When I entered medical school I wanted to pursue neurology.
I had developed a strong interest in neuroscience during my undergraduate degree in psychology. This focus was sustained throughout medical school, as I was given the opportunity to act as a teaching assistant for the third-semester neuroscience course and during my clerkship rotations. I applied to neurology in last year’s match, however, when I completed my first family medicine rotation, in February 2018, I had a transformative experience involving a young boy named Adam.
Adam presented to the urgent care clinic – with a five-day history of sore throat, which progressed to left cheek and jaw pain. He reported excruciating pain when he tried to open his mouth and new-onset unilateral ear pain. The patient had already been seen by a physician the day before, but was sent home with reassurance that his symptoms would resolve. Although the patient had no visible abscess inside the oral cavity, he was unable to open his mouth more than one centimetre. I strongly advocated to the Attending that his history and my physical exam findings were suggestive of a peritonsillar abscess.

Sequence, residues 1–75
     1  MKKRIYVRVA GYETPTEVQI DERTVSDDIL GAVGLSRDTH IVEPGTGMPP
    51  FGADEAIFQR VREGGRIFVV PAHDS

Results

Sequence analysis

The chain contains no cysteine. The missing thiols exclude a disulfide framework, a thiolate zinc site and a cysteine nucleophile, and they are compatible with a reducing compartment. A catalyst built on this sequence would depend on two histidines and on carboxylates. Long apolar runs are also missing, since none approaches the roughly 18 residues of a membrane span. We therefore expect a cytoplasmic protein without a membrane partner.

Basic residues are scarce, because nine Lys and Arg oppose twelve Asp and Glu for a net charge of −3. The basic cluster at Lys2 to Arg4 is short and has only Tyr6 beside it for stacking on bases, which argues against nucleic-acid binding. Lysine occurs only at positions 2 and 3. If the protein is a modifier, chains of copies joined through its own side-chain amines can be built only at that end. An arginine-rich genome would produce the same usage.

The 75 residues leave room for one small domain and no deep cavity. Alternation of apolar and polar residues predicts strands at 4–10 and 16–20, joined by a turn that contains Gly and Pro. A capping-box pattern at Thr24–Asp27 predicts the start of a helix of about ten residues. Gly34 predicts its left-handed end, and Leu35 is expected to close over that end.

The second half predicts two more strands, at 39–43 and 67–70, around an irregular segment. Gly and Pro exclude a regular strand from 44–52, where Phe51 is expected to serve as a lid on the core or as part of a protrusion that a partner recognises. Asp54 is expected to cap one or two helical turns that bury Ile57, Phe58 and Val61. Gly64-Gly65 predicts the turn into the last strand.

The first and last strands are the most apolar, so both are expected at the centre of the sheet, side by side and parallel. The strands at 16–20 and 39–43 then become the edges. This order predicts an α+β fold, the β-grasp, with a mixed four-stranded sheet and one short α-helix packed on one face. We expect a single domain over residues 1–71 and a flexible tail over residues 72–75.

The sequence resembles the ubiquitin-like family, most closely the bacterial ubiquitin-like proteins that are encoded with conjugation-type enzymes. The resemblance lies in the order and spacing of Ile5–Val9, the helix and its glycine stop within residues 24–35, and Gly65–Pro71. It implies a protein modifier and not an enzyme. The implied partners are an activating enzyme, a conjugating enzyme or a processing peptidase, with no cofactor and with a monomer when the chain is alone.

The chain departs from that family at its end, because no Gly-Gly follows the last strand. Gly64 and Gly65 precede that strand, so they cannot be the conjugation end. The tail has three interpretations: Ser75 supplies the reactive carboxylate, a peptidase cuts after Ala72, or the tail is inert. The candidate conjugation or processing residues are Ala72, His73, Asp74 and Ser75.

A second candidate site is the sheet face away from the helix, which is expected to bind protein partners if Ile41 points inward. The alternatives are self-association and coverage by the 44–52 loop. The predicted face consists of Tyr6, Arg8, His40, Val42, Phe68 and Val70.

We decided to send the patient to the emergency room where this diagnosis was made and the appropriate treatment initiated. Read More...